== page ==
has termed the "new class" — an elite as ruthless in
its determination to maintain its prerogatives as
any oligarchy known to history.

Nothing shows more clearly the failure of com-
munism to bring about economic development and
social justice than the present condition of Europe.
The bankruptcy of communism is etched in the
contrast between the thriving economies of West-
ern Europe and the drab stagnation of Eastern
Europe — and it is symbolized in the wall of Ber-
lin, erected to stop the mass flight of ordinary
people from communism to freedom.

The proponents of free society need have no
apologies. We have moved far beyond the rigid
laissez faire capitalism of the 19th century. The
open society of the mid-20tli century can offer the
reality of what the Communists promise but do
not and cannot produce, because the means they
are using, the techniques of hatred and violence,
can never produce anything but more violence and
more hatred. Communism is not the wave of theA
future. Commxmists are only the exploiters of 1
people's aspirations — and their despair. They are
the scavengers of the transition from stagnation
into the modern world. The wave of the future is
the peaceful, democratic revolution symbolized for
the Americas in the Alliance for Progress — the
revolution which will bring change without chaos,

development without dictatorship, and hope
without hatred.

This is our faith. Because we have pledged our-
selves to this road into the future, we have no
more urgent obligation than to guarantee and pro-
tect the independence of the democratic revolu-
tion. Because communism has its own ambitions,
communism everywhere directs its most intense ]
effort to making democratic change impossible.
It is in this setting that I ask you to consider the
question of the purposes and methods of com-
mmiism in our hemisphere.

Cuba's Defection From Inter-American System

If the one striking development of the last years
in our hemisphere has been the rise of the Alliance
for Progress, the other striking development has
been the defection of Cuba from the inter-
American system.

Let us be clear about the character of the prob-
lem presented by Castro and his government. We
have no quarrel with the people of Cuba. As this
week we have welcomed a free Dominican Repub-
lic back into the inter-American community, so we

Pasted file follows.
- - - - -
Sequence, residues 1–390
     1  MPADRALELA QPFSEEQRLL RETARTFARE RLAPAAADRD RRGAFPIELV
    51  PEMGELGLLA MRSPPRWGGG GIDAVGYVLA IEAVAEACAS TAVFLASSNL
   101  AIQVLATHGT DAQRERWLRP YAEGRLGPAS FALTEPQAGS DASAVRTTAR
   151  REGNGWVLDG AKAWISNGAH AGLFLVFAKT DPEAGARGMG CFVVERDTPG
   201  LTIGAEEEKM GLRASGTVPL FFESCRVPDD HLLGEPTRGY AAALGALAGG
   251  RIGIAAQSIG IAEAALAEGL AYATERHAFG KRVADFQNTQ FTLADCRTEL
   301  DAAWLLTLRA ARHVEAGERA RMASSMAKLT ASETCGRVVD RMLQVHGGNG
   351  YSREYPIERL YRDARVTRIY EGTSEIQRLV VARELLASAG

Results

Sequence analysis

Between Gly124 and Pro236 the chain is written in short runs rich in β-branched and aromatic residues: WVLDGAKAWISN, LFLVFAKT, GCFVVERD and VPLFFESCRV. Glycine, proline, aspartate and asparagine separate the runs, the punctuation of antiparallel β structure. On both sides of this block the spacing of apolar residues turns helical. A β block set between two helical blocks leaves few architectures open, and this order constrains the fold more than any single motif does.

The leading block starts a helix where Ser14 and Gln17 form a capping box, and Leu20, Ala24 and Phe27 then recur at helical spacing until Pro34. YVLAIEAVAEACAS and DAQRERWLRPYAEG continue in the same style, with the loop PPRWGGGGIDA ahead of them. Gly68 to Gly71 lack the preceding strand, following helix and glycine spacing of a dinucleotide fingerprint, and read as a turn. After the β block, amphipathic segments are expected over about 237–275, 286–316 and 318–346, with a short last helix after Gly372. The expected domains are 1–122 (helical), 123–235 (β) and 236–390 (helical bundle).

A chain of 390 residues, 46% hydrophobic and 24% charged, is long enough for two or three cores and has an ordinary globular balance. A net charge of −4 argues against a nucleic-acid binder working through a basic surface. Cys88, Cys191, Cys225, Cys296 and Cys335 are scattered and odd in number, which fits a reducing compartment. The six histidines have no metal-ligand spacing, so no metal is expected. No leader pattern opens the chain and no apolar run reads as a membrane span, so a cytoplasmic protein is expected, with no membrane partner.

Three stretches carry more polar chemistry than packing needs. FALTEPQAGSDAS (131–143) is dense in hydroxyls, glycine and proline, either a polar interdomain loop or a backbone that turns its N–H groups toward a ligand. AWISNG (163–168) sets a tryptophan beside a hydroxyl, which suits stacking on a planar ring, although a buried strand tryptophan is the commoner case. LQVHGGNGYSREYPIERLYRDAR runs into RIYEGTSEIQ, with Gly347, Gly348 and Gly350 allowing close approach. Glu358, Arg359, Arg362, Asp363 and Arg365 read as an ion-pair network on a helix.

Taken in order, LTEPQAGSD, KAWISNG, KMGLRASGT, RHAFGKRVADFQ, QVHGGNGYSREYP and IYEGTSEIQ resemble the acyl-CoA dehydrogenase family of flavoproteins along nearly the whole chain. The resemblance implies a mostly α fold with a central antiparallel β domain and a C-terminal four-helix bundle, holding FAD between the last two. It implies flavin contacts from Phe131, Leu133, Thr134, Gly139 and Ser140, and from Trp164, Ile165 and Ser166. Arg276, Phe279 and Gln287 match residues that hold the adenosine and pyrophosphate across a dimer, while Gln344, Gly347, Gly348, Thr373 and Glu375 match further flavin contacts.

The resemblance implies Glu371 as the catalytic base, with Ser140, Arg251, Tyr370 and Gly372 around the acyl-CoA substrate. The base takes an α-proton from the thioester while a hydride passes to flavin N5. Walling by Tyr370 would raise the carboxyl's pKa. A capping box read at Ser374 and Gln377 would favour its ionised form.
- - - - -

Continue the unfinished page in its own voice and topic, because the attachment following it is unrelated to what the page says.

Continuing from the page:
look forward to the day when a free and progres-
sive government will flourish in Ilabana and the
Cuban people can join with us in the common
undertakings of the hemisphere.

Many of us in this hemisphere had no quarrel
with the avowed purposes of the revolution of
1959. Many rejoiced in the aspirations of the
Cuban people for political liberty and social prog-
ress. Nor would we have any quarrel with changes
in the economic organization of Cuba instituted
with the consent of the Cuban people. Our hemi-
sphere has room for a diversity of economic sys-
tems. But we do condemn the internal excesses
of the Castro regime — the violations of civil jus-
tice, the drumhead executions, the suppression of
political, intellectual, and religious freedom. But
even these things, repellent as they are, have been
known to our continent. If kept within the con-
fines of one unhappy country, they would not con-
stitute a direct threat to the peace and the
independence of other American states. What we
cannot accept — and will never accept — is the use
of Cuba as the means through which extraconti-
nental powers seek to break up the inter-American
system, to overthrow the governments of other
countries, and to destroy the autonomous demo-
cratic evolution of the hemisphere.

February 19, 1962


The Castro regime has extended the global bat-
tle to Latin America. It has supplied communism
with a bridgehead in the Americas, and it has
thereby brought the entire hemisphere into the
frontline of the struggle between communism and
democracy. It has turned itself into an arsenal
for arms and ammunition from the Communist
world. With Communist help Dr. Castro has
built up the largest military establishment in
Latin America.